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Arduino and 7 Segment Display – Interfacing Tutorial

In this article, we are publishing a tutorial on how to interface seven segment LED display to Arduino. Seven segment displays are used in many embedded system and industrial applications where the range of outputs to be shown is known beforehand. Basic 1 digit seven segment display can show numbers from 0-9 and a few characters. 7 segment displays are of different types; especially they differ in the number of digits/character it can display. Basically a 7 segment display is a single unit, which can display only 1 digit or 1 character. More digits are displayed by multiplexing single unit 7 segment displays together to form 2 digit display, 3 digit display or 4 digit 7 segment display. Its quiet easy to interface Arduino and 7 Segment display together! Lets begin the tutorial.


A 7 segment display has many limitations, especially in the range of characters it can display.There are displays in market which are much more advanced than seven segment displays and can display almost every character in the alphabet. For example:- a 16×2 LCD – which can display almost all ASCII characters. You might think why 7 segment display still exist in market. Well, 7 segment displays are the cheapest option when it comes to display devices available in market. A single digit/character 7 segment display unit is available at 1/10th of the cost of a 16×2 LCD module.

We begin this tutorial by interfacing a single digit (1 digit/character) 7 segment LED display to Arduino.Once we learn the single digit 7 segment display interfacing to arduino and its code/program, we move on to interface 4 digit seven segment display with arduino using shift register.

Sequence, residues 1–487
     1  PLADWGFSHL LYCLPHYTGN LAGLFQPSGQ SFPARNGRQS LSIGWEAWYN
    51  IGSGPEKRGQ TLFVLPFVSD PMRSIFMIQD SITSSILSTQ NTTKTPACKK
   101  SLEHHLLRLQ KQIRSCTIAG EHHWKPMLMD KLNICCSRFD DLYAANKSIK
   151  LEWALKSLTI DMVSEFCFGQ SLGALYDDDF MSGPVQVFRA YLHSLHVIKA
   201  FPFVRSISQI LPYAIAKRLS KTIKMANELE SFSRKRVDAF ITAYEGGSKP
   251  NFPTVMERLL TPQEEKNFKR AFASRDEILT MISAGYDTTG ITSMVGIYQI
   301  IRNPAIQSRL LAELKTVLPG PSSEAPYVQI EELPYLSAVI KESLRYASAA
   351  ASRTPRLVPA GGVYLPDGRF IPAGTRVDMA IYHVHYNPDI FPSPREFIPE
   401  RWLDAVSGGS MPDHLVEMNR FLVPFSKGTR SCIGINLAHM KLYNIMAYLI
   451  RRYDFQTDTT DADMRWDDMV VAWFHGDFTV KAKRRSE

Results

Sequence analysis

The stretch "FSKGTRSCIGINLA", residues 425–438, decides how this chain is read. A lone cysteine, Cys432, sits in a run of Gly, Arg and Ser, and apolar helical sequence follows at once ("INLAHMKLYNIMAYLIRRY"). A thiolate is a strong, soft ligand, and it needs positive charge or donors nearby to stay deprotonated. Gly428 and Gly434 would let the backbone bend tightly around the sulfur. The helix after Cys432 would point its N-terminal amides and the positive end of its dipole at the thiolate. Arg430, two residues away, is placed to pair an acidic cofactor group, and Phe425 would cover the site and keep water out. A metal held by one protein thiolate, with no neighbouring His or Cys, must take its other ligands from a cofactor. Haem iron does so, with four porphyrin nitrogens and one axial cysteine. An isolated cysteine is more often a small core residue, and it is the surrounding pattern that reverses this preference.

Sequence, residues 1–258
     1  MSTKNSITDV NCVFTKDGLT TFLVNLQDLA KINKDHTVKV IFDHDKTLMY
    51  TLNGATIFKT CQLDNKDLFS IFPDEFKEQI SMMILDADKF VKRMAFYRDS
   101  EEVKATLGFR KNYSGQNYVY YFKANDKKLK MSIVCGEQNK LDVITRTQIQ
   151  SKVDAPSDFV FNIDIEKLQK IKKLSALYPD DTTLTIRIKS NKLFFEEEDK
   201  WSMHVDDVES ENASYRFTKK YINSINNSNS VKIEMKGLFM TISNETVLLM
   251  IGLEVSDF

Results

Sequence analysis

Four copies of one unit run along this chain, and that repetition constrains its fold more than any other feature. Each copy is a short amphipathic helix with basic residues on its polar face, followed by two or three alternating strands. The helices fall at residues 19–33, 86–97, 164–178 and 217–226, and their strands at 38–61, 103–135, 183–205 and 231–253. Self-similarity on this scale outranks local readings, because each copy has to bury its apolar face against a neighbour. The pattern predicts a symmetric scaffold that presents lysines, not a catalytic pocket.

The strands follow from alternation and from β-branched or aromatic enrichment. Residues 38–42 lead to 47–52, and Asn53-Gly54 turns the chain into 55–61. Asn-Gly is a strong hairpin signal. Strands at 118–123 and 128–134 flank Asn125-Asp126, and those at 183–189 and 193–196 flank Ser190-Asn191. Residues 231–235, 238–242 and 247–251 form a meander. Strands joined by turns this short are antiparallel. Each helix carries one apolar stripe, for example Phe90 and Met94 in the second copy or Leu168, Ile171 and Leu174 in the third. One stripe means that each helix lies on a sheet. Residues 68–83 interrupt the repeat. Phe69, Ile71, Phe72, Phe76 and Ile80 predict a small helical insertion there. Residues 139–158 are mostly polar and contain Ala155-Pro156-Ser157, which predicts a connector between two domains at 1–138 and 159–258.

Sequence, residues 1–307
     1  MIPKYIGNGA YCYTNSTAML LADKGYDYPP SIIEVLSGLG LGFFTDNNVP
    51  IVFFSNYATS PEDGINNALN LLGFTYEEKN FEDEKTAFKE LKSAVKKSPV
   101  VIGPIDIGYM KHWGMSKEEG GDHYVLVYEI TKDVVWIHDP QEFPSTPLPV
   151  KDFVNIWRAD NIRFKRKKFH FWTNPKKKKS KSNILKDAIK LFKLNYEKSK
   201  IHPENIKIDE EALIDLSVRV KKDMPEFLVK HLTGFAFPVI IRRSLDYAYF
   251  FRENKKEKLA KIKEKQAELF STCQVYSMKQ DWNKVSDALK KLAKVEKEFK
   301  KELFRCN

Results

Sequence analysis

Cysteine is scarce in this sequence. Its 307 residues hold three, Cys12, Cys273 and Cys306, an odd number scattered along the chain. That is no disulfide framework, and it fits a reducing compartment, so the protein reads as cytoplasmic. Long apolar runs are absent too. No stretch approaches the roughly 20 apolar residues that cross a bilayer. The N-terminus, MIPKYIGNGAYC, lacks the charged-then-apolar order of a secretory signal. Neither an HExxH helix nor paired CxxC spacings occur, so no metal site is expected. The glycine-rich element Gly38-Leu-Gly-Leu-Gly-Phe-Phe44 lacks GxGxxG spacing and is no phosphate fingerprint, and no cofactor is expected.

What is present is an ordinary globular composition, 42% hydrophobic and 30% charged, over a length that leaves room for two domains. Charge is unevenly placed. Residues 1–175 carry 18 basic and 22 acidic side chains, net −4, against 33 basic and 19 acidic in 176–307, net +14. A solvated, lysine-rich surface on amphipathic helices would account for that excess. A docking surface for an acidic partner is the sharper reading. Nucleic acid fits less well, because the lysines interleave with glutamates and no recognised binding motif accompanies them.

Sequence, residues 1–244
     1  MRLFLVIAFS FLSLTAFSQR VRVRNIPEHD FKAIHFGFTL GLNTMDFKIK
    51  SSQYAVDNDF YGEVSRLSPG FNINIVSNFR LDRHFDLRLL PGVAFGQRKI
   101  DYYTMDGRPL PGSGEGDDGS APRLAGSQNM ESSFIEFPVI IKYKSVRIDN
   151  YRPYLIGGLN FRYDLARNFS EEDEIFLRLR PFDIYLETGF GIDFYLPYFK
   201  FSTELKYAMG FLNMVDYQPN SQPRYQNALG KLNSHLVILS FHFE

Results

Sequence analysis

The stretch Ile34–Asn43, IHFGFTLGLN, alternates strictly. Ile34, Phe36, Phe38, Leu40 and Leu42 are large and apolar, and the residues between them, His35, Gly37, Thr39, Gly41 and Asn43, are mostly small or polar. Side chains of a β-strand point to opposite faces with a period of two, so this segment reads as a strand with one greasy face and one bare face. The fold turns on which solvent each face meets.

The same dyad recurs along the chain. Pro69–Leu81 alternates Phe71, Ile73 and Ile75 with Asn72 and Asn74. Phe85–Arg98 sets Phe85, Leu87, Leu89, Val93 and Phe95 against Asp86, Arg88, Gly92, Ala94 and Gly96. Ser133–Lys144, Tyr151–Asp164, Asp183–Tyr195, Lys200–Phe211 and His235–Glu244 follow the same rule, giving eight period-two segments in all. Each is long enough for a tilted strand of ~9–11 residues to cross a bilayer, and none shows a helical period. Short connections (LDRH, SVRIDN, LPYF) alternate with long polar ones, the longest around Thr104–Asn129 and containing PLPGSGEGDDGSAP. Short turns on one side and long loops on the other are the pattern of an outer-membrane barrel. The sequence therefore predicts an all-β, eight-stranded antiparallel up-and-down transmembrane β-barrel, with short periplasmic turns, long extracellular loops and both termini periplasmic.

As you can see there are 10 pins in total. You may notice two pins named com, as shown in the circuit diagram all the anodes (+ pins) of the LEDs are connected to these two pins. We call these 2 pins as common anodes and such displays are called Common Anode 7 segment displays.

There are some seven segment displays which have common cathodes instead of common anodes. The only difference for common cathode displays is all the cathodes (- pins) are connected together and they are known as Common Cathode 7 segment displays. Apart from these 2 com pins,  there are 8 other pins named A,B,C,D,E,F,G and DP. As you can see in the figure, these pins are cathodes (- pins) of the led segments of common anode display (in the case of common cathode display these pins will be anodes)

To turn on each segment ( LED), we have to supply appropriate voltage to it. Lets just say we want to show number “3” on the display. To display ‘3’ properly, we need to turn ON A,B,C,D & G segment LED’s (refer the figures ). since anodes are common, we supply positive voltage to common anode pins and connect GND (ground) to the segment pins we want to turn ON. If you wire like this on a breadboard. the 7 segment display will show ‘3’ on its display. But hard wiring is not practical, as we need to change the wiring all the time we want to change digit/character to be displayed. We use micro controllers like 8051 or AVR or even Arduino to solve this problem. We can manipulate the 7 segment wiring (the process of turning ON and OFF led segments) using software inside the micro controller. In our tutorial of interfacing with arduino, we achieve this by writing specific lines of arduino code to turn led segments ON and OFF

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